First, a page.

Scores for students with disabilities on the "nation's report card" continue to trail significantly the scores of students without disabilities, with little ground gained.
Recently in Testing and Special Education Category
October 29, 2015
July 20, 2015
New York had asked the U.S. Department of Education for permission to give some special education students tests that match their instructional level, rather than their grade.
June 01, 2015
Students in special education perform 32 to 40 percentage points behind their peers, and those gaps have remained fairly steady for at least six school years, according to a recent analysis.
February 18, 2015
U.S. Sen. Bob Casey, a Pennsylvania Democrat, wants to ensure parents are given more information before allowing their children to be placed in an educational track with less rigor than the general education curriculum.
January 26, 2015
Intended for students who could not master grade-level content in one school year, these tests are on their way out, but they leave several lessons in their wake, says a recent analysis.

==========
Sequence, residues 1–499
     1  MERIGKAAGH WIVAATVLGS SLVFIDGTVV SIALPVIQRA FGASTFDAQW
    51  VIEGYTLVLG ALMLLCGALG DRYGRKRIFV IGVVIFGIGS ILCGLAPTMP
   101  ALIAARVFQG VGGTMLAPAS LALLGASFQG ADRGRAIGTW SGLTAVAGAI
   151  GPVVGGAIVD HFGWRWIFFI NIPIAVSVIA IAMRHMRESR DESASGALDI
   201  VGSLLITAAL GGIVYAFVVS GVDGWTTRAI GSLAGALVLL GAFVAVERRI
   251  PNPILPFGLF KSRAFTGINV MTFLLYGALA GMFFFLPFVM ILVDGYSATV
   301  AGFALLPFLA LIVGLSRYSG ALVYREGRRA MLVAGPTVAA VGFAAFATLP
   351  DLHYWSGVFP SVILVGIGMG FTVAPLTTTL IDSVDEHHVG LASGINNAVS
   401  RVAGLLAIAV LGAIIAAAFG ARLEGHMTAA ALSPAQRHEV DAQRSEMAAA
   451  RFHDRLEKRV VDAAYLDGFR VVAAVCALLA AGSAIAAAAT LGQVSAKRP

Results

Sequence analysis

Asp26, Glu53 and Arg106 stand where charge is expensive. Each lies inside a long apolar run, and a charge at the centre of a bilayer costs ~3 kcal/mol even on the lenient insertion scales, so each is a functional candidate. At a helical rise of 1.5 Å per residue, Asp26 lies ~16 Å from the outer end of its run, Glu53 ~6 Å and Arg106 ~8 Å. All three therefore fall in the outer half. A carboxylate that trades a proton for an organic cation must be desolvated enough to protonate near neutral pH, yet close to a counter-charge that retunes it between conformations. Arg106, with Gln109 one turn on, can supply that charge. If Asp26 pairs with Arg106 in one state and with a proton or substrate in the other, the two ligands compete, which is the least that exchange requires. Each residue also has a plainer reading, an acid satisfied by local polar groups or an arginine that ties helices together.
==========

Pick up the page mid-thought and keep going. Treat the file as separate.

January 22, 2015
Allowing an unlimited number of students with disabilities to take alternate tests will place them in a lower academic track, argues the Consortium for Citizens with Disabilities.
January 07, 2015
Annual testing has been able to help pinpoint how students with disabilities are actually performing in school, say groups opposed to removing the requirement from federal law.
January 02, 2015
Between 64 and 77 percent of students with disabilities scored at the lowest level on the tests, which are given in math and English/language arts.
December 18, 2014
A new law that went into effect earlier this year is proving challenging to implement as the 2014-15 school year reaches its halfway point, according to local reports.
November 05, 2014
A report from the Smarter Balanced Assessment Consortium suggests that built-in test accommodations are easy to use, but that more students need to become familiar with them.